Updated Monday, December 17, 2012 at 12:31 AM
TORONTO — Dang. Again?
What has gotten into these Seahawks? In the last two games, they've turned into a cocktail of the 1972 Miami Dolphins, the 1985 Chicago Bears and the Bill Walsh-era San Francisco 49ers. They're so high right now that hyperbole can't even capture them. On Sunday, before 40,770 at the sterile Rogers Centre, they beat another NFL team (the Buffalo Bills haven't been banished yet, have they?) by a bajillion points and left everyone to make sense of their dominance. Again.
The Seahawks couldn't explain it adequately because that would require extreme arrogance.
Seriously, think about it: How can a team sum up a 50-17 thrashing one week after a 58-0 demolition?
It's so unfathomable and so outlandish that you'd need Kanye West, a young Muhammad Ali and about 12 Richard Shermans to narrate this story. The NFL lives off competitive balance. The system shuns dominance. It's hard enough to beat a team by double digits, let alone drop 50 points in back-to-back weeks. The Seahawks are only the third team in league history to reach five-oh in consecutive games, and they're the first to do so since 1950.
This is nearly a once-in-a-lifetime display. This is not the feat of a team destined to sneak into the playoffs and then stumble. There is something about the Seahawks — something incredible, something wondrous — that 108 points in two games is magnifying.
A reporter asked defensive end Chris Clemons, who had 2 ½ sacks Sunday, if the Seahawks are peaking.
"When you say peaking, where is the peak?" Clemons replied.
I look up and can't see it. Maybe I need new glasses.
Or maybe we all should visit an observatory and look through a telescope.
Where is the peak? It feels like the peak is wherever the Seahawks want it to be.
No, victories over Arizona and Buffalo (combined record of 10-18) won't transform a team into a contender. But the Seahawks (9-5) haven't had trouble with the contenders this season. They've struggled to find the balance, the consistency and the focus to win the games they're supposed to win.
At times, the Seahawks have been their own most formidable foe. Their toughest competition has come from within this season, and they seem to be overcoming the flaws of youth and inexperience.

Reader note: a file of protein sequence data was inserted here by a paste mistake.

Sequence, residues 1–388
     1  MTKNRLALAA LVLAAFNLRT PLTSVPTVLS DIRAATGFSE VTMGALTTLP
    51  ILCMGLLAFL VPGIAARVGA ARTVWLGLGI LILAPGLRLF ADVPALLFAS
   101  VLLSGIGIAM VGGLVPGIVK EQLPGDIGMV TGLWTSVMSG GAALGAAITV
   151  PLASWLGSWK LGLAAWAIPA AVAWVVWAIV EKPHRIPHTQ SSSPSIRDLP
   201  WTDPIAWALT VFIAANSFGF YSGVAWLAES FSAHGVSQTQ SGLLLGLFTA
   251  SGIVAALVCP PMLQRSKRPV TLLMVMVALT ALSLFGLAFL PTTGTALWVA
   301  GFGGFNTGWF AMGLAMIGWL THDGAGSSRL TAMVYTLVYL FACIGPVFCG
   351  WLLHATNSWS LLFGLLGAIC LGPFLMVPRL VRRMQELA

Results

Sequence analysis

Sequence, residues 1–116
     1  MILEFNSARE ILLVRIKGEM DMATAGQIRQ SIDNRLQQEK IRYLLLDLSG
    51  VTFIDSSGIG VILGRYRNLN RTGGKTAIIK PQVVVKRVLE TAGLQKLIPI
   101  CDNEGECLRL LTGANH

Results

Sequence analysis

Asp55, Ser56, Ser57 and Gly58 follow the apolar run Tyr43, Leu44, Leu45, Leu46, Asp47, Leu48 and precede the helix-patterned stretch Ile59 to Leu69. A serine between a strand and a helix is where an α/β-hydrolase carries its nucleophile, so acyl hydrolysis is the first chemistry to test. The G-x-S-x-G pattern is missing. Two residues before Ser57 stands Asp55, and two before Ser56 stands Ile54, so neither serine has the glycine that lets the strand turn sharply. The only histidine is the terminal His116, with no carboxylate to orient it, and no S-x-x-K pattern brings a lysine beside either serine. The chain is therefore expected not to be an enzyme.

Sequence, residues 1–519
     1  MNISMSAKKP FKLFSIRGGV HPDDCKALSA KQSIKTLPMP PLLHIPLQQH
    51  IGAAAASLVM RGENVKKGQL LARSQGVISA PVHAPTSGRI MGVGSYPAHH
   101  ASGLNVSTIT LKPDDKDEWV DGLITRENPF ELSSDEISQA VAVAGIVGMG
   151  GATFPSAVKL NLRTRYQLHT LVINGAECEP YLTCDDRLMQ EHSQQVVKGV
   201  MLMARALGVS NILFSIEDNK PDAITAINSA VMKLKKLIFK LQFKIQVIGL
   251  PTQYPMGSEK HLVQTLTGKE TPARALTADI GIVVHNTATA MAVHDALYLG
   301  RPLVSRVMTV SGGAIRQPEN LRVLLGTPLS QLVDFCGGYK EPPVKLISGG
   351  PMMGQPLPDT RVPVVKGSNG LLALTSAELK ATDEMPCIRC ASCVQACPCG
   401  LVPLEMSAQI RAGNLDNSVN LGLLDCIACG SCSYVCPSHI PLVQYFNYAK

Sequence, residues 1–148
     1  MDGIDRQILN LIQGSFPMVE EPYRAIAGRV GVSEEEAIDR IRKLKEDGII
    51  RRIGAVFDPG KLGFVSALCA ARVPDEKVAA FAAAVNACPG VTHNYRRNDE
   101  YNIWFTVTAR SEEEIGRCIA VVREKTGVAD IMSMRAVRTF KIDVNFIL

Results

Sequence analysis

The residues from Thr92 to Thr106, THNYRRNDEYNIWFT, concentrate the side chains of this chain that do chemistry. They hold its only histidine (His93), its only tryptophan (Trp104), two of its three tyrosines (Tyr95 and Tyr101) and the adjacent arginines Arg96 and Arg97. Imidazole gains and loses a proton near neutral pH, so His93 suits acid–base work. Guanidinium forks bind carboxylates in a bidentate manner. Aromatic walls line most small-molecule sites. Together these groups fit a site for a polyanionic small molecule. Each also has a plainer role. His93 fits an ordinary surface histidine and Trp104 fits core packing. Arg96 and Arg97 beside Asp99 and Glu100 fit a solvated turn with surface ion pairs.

Are they as good as these two blowouts? No. But they're surging. They're fun to watch, and they're unrelenting.
Said wide receiver Sidney Rice: "The defense is ballin'. The special teams is ballin'. Our offense is scoring points. What more can you ask for?"
Quarterback Russell Wilson is making a legitimate push for offensive rookie of the year. He looks a play ahead of opposing defenses right now, and the Seahawks are tailoring the offense to his skill set.
He rushed for three touchdowns and threw for another in the first half Sunday. He finished the game with 205 passing yards and 92 rushing yards. Marshawn Lynch ran for 113 yards on just 10 carries, and the Seahawks gained 270 of their 466 yards on the ground. And after some early struggles, the defense shut the door by forcing three consecutive turnovers to start the second half, including Earl Thomas' mesmerizing 57-yard touchdown off an interception return.
The Seahawks have won three straight games for the first time this season and only the second time in Pete Carroll's three years as coach. Wilson is leading an offense that has averaged 43.7 points and 472.7 yards per game during this winning streak.
Too small of a sample size? Double it. In the past six games, the Seahawks are averaging 35 points and 413 yards per game. They're also allowing just 14.2 points per game, and they have a 5-1 record during that span.
Remember when we mocked them because they reached 20 points just once in their first five games? They have scored at least 20 points in eight of their last nine, including seven in a row.
"We're definitely clicking well," Wilson said.
The Seahawks were full of such understatements Sunday afternoon. It would be ill-received if they said, for instance, that the rest of the league is their drum, and they're swinging the largest drum sticks in the history of music right now. That would go over about as well as Carroll's absent-minded allowance of a fake punt with the Seahawks ahead 47-17.
Afterward, Carroll took the blame for the fake punt, saying he should've called it off and explaining it was an automatic fake designed for a specific formation. He said his goal wasn't to run up the score. It was a silly mistake, and Carroll should receive criticism for violating a sportsmanship tenet, even if it was accidental. But consider it a misdemeanor on the scale of egregiousness.
Pardon me as I suspend debate over that decision to reiterate an astounding notion: The Seahawks, who have played nine down-to-the-wire games, are now being accused of showing no mercy. Wild. Weird. Wonderful.
"That's tough to do," Wilson said of the consecutive blowouts.
"That's crazy," defensive end Bruce Irvin said.
That's Seahawks football, for now. And that's the most random yet revealing occurrence in a season morphing into something special.
Jerry Brewer: 206-464-2277 or email@example.com.
On Twitter @JerryBrewer.
JOHN LOK / THE SEATTLE TIMES
Earl Thomas, center, helped close off the Bills' brief glimpse of hope early in the second half with a 57-yard interception return for a touchdown. Seattle forced turnovers on three straight Buffalo possessions to start the second half.